Sensors, Test & Measurement

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Understanding spider sense

During March, a team of researchers based at Bristol and Oxford University launched a project to investigate the computational capabilities of spider webs and develop a new sensor technology to ...


Exploring and mapping the ocean depths with drones

It’s been said, we know more about deep space than the deep ocean. True or not, a $7 million XPrize has been set up to challenge innovators, engineers and designers from around the world to advance ...





Designing for the digital world

Head in sand time is over - Industry 4.0 is happening and is here to stay. In this article, the first in a series, Tim Fryer spoke to some of the leading automation companies about what Industry 4.0 ...



Automated actors storm the theatre

The vehicles being tested by the Royal Navy during its recent Unmanned Warrior event may look impressive, intimidating, even bizarre, but what connects them is more notable. Tom Austin-Morgan met ...


Are robots going soft?

Using robotics systems has helped many patients relearn muscular movements or rebuild strength. But using the 'soft' materials could improve outcomes further. Tim Fryer looked into the ongoing ...



Built for battle - Robot Wars' revamped House Robots

The return of Robot Wars to our screens this summer had completely re-engineered house robots, which were needed to keep up with the competition. Justin Cunningham finds out how the technology has ...


Cut contact with mirror measurements

In the heat treatment industry, depending on the application, there is a choice to be made between sensors that make contact with the material being tested and non-contact sensors. Which should you ...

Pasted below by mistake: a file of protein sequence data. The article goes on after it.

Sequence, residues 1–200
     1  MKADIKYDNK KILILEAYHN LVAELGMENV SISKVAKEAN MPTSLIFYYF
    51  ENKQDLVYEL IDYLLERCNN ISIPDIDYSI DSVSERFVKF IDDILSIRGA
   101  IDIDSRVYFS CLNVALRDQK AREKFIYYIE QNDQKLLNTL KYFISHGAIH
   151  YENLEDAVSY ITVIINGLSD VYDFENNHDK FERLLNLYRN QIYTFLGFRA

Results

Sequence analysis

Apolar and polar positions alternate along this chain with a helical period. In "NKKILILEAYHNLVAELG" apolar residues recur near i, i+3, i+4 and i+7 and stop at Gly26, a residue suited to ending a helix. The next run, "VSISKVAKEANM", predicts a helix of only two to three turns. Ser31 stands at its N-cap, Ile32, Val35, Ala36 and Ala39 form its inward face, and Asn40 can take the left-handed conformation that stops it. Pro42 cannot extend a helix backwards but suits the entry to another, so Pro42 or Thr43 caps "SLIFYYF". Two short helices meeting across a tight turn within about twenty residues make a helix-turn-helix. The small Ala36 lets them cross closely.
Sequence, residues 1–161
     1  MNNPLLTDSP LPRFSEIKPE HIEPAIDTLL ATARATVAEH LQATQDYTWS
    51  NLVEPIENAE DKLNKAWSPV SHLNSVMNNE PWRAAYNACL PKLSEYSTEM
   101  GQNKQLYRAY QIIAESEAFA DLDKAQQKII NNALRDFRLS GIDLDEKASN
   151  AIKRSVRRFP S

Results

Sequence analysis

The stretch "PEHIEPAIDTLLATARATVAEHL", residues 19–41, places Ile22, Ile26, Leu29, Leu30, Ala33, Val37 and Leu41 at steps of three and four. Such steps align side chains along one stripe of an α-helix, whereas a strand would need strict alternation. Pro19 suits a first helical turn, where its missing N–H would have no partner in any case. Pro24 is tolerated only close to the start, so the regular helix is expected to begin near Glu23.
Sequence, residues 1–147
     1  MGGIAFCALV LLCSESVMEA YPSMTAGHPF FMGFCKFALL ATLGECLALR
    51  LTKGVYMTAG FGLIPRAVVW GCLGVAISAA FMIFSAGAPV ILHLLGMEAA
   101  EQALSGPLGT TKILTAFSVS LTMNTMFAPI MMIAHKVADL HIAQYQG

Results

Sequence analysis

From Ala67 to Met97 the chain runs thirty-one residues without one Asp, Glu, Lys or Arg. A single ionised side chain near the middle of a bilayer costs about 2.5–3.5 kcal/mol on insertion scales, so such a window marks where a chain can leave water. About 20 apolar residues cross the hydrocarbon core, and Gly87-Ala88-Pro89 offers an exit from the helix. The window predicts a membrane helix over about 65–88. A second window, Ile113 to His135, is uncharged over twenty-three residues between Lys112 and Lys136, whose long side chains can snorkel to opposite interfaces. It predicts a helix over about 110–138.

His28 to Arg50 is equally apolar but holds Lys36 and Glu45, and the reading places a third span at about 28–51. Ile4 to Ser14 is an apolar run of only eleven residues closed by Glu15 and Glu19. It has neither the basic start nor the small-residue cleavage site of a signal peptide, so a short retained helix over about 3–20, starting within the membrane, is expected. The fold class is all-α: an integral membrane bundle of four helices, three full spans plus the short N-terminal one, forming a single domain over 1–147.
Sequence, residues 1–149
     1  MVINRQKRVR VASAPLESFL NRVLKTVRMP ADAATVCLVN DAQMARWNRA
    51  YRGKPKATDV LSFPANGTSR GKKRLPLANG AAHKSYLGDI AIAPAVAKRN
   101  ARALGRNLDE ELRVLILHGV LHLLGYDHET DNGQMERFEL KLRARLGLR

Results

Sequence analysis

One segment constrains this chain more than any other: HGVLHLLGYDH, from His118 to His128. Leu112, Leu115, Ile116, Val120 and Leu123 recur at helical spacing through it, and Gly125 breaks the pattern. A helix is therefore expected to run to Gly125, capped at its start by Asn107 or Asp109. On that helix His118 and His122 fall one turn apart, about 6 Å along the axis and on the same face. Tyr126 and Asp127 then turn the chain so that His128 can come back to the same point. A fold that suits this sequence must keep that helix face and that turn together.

Still king of the skies

It’s an icon of British engineering prowess and ingenuity, and still turns heads 80 years on. Justin Cunningham finds out why they really don’t make them like they used too.


Autonomy in the UK

With the headlines being grabbed by US companies, Google and Tesla, in autonomous vehicle research and development Tom Austin-Morgan checks on the state of the UK’s driverless vehicle projects.


Smart moves for industry

What makes Industry 4.0 meaningful is to see it in action. Tim Fryer went to visit a factory in Germany that was using it selectively and successfully.



Science behind the gold rush

Great Britain had a phenomenally successful Olympic Games in 2012, winning 65 medals (29 golds). It was our most successful Games since London first hosted the event in 1908. But although the home ...


Surfers under pressure

The burgeoning wearable technology market is fast becoming inundated with fitness bands, smart watches, and intelligent headphones. These devices can collect all kinds of information about you from ...



Car design in the bright lights

Everyday engineering design solutions are emerging from the sci-fi environment of the synchrotron – a facility that takes x-ray based measurements to a new, brighter level.


Top ten level sensing technologies

Level sensing is one of the most common functions for process control but it also uses a wide range of different technologies to achieve the same goal; it is therefore important to select the correct ...


Making the case for lightening quick reflexes

Electric cars are getting very fast. But any driver travelling at 280mph will want to know that the car is doing exactly what it is told, to and that means having highly accurate and dependable ...


How do you design-in reliability?

While there is an expectation that a product will be reliable over its (long) life, the market still demands value for money. Design engineers, claims Jean-Louis Evans, must therefore use test ...